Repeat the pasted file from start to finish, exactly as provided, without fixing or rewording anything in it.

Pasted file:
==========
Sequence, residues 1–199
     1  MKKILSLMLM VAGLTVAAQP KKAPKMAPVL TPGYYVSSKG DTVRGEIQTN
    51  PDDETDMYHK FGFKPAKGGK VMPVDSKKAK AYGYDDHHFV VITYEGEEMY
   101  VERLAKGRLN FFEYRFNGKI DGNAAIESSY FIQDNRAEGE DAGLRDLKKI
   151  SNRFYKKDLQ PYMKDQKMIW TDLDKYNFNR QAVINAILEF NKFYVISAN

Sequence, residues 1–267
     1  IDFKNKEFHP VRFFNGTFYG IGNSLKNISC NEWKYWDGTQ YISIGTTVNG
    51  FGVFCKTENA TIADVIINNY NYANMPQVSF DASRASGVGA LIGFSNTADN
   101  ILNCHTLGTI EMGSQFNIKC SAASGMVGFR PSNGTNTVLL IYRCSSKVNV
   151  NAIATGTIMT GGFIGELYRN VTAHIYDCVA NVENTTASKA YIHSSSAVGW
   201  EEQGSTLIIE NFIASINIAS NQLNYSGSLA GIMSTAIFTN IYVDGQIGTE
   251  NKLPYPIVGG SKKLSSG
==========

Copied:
Sequence, residues 1–199
     1  MKKILSLMLM VAGLTVAAQP KKAPKMAPVL TPGYYVSSKG DTVRGEIQTN
    51  PDDETDMYHK FGFKPAKGGK VMPVDSKKAK AYGYDDHHFV VITYEGEEMY
   101  VERLAKGRLN FFEYRFNGKI DGNAAIESSY FIQDNRAEGE DAGLRDLKKI
   151  SNRFYKKDLQ PYMKDQKMIW TDLDKYNFNR QAVINAILEF NKFYVISAN

Sequence, residues 1–267
     1  IDFKNKEFHP VRFFNGTFYG IGNSLKNISC NEWKYWDGTQ YISIGTTVNG
    51  FGVFCKTENA TIADVIINNY NYANMPQVSF DASRASGVGA LIGFSNTADN
   101  ILNCHTLGTI EMGSQFNIKC SAASGMVGFR PSNGTNTVLL IYRCSSKVNV
   151  NAIATGTIMT GGFIGELYRN VTAHIYDCVA NVENTTASKA YIHSSSAVGW
   201  EEQGSTLIIE NFIASINIAS NQLNYSGSLA GIMSTAIFTN IYVDGQIGTE
   251  NKLPYPIVGG SKKLSSG